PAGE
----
Is that a sea monster on my plate?
Kim Duke forages for bull kelp off Haida Gwaii and makes a meal her friends won't soon soon forget
The dark clean waves of the Pacific rock our boat off the Haida Gwaii islands near the wild British Columbia coastline. It's July, but you'd never know it. I'm wearing three layers of clothing, a winter hat, waterproof gloves and a jacket as it's cold and rainy when you're miles offshore. My husband and I are fishing for salmon and halibut, but he's just spotted something else I want.
Rob stops the engine, pulls the motor up and reaches far over the side of the boat with a long gaff hook. "Don't fall in!" I yell while I grab his belt. We're about to pull up a bull kelp seaweed – one of the fastest growing plants in the world. And I'm going to make a salad with it.
The bulbous heads of the bull kelp are like a village of floating mermaids. Dark green Rapunzel-like fronds are attached to each bulb and stipe (stem). There are hundreds of them here in this watery forest. I only need one. This particular North American seaweed grows an average of nearly 18 centimetres a day and can grow up to 30 metres in length during the summer season.
Rob cuts the stipe so we will leave the rest of the plant to grow – and then the fun begins. We haul the rubbery yet feathery sea monster with a very long tail into the boat. I cut off the ragged older fronds. All in all, we have almost five metres of bull kelp overflowing out of a huge cooler filled with seawater.
I clap my hands and give him a kiss. He laughs, "You are a crazy woman," but I know he loves this strange forager side of me. The combination of the thrill of discovery and eating something delicious for free speaks to my inner wild cook. Most Canadians don't take advantage of all the tasty and fresh food that is provided for no charge by Mother Nature. My husband knows that wherever we travel, I will be on the lookout for berries by the roadside, edible wild mushrooms, rosehips for tea and jelly, nettles to make soup or any other interesting free and wild food that crosses my path. Why pay $8 a pound for dandelion leaves in a gourmet salad kit from the grocery store when you can pick them from your own pesticide-free backyard?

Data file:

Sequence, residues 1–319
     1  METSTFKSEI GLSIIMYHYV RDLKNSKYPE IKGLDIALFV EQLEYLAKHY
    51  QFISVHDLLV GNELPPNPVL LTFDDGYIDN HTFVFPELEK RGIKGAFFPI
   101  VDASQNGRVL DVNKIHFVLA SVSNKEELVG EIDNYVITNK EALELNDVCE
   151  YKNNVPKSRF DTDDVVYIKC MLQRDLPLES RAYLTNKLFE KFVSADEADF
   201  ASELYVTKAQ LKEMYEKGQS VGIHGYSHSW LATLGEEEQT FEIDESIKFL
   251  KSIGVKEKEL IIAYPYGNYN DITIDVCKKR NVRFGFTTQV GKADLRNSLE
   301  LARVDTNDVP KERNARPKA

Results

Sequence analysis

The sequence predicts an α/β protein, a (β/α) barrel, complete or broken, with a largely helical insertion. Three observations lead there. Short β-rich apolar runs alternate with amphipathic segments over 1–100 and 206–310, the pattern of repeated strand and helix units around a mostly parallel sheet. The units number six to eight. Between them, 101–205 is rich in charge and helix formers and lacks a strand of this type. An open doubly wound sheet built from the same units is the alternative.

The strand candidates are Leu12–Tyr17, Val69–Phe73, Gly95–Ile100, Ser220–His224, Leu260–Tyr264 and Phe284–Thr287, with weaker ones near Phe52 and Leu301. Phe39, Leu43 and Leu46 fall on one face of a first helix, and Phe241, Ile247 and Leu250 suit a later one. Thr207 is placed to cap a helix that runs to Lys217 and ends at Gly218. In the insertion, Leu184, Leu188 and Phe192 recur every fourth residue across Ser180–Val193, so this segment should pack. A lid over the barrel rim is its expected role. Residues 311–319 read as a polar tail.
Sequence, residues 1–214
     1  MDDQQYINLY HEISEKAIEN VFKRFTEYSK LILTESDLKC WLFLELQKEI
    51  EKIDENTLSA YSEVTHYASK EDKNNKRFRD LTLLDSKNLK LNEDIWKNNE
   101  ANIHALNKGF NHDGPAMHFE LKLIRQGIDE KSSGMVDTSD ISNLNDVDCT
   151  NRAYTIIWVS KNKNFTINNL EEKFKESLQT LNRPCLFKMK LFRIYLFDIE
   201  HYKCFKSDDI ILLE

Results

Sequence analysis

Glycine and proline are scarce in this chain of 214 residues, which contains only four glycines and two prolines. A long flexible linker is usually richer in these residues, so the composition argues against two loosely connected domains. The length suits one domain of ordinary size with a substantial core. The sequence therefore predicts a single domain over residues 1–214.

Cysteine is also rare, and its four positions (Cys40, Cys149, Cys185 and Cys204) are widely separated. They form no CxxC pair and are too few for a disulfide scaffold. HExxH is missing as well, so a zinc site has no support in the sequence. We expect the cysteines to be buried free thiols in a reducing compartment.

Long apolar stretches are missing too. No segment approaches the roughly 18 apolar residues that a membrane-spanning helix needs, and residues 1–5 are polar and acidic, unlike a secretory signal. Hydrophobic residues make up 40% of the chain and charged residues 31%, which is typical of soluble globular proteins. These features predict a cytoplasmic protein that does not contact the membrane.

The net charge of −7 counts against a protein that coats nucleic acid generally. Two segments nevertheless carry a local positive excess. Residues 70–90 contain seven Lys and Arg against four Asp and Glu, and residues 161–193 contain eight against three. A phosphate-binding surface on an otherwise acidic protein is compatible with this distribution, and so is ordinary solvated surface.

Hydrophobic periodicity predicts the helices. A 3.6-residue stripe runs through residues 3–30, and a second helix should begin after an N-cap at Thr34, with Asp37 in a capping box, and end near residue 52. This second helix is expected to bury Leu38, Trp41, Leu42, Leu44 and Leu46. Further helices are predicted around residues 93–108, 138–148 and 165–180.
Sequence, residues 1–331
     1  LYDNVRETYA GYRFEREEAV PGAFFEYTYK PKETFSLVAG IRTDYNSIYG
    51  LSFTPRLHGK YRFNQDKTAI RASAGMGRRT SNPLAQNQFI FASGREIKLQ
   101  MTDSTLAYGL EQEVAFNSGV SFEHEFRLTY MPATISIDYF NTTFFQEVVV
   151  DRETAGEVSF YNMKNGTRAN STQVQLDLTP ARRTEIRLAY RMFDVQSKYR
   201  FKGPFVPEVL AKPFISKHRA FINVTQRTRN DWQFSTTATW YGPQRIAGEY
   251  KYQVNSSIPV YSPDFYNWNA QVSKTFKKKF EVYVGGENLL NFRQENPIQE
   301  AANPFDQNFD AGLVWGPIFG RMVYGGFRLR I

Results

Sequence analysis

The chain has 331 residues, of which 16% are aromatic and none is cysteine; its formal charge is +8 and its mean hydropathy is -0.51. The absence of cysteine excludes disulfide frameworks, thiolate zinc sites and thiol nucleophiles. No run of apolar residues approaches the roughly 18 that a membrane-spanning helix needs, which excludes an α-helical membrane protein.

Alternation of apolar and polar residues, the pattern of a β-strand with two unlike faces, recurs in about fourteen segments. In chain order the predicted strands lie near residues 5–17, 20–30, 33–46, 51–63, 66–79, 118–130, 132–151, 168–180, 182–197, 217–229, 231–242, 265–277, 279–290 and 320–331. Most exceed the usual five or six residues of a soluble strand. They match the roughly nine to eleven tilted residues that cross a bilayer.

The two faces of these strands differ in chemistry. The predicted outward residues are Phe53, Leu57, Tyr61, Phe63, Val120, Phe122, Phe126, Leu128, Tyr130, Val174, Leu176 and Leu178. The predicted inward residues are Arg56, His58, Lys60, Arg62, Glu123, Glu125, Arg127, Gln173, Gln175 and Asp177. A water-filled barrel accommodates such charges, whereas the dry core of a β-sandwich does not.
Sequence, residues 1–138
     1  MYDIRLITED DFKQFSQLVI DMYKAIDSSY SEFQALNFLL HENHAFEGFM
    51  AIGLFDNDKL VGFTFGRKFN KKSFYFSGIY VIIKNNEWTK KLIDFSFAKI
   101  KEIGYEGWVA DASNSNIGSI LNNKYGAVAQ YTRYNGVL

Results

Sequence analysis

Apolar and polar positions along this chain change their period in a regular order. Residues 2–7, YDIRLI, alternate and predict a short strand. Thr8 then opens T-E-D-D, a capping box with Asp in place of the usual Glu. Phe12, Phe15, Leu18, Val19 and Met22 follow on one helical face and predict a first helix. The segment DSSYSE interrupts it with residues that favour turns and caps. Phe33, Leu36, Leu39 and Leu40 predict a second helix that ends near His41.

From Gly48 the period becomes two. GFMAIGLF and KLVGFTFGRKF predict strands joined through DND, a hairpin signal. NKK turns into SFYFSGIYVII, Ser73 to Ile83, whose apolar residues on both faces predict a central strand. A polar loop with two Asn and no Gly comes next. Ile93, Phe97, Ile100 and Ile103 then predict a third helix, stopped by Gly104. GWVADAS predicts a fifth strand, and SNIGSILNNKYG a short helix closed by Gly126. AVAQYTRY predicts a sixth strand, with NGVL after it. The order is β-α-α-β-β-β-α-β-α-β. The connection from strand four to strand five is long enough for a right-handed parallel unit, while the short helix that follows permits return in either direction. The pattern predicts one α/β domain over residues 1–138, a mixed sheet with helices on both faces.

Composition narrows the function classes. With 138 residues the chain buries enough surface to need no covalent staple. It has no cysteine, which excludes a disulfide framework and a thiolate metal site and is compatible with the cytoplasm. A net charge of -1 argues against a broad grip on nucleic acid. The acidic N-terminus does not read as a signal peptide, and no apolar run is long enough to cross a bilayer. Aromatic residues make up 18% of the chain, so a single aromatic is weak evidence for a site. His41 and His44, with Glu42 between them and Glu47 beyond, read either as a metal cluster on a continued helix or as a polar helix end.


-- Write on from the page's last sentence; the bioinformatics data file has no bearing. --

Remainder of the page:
I'd done my research on seaweed for this trip. I know that no North American seaweeds are toxic and bull kelp has been eaten and used for rope and tools by the Haida First Nations for thousands of years. It is high in protein, fibre and precious trace minerals such as potassium, iodine, magnesium and more.
The catch of my catch? I have to process it today so it doesn't turn into a stinky mess. Seaweed is algae and that means there's a short window for me to make my salad and to dry out the fronds. Every bit of this plant is edible and full of clear, fresh moisture – you'd be happy to find this if you were stranded.
Later, we drag our seaweed monster to our cabin and get quite a few amused looks and raised eyebrows from people in the fishing camp. I start chopping it down to manageable pieces in the drenching rain on the deck outside our front door. This damn salad had better be good.
Once I am settled inside the rustic cabin with a glass of prosecco, I set a large pot of water to boil on the stove. I am ready to tackle this beast. It's easily done. All I need to do is blanch the fronds and stipe for 30 seconds. The colour shifts from a dull moss green to an immediate light, bright green. Then I plunge it into ice-cold water so it stays crunchy and verdant. Plus, this helps it keep in the fridge for a few more days.
I drain the works and begin chopping everything into thin strips – finally, it starts looking like the delicious seaweed salads I've had in my favourite Japanese restaurants. I am secretly hopeful as I try a bite. It has the fresh texture of cucumber and lightly squeaks between my teeth. Delicious.
Our fishing friends from next door will pop over for dinner soon. Rob has roasted our fresh-caught salmon with lemon and garlic, a goodly pot of wild rice waits on the stove and I'm putting the finishing touches on my salad. A little rice vinegar, a drizzle of sesame-oil dressing and soy sauce and toasted sesame seeds sprinkled on top are just the thing.
An hour later, our friends arrive and suspiciously eye my salad – they aren't adventurous eaters and they've just heard Rob tell the tale of how we got it. Danny takes a tiny nibble from the tablespoon of salad on his plate. "Hmm. Weird but good. I can't believe you made this. What's next year's dinner – the Loch Ness monster?"
Thankfully, Rob and I love our superlong salad's clean ocean flavour and crunchy texture; although I must confess, there was simply too much seaweed to use. I didn't make pickles out of the stipe as I ran out of time. But I did haul the stinky remainder in a plastic bag back to Alberta in our boat trailer and added its richness to my garden compost. My husband wasn't too happy with the smelly mess, but I think the Haida would have approved.
Kim Duke lives in Sherwood Park, Alta.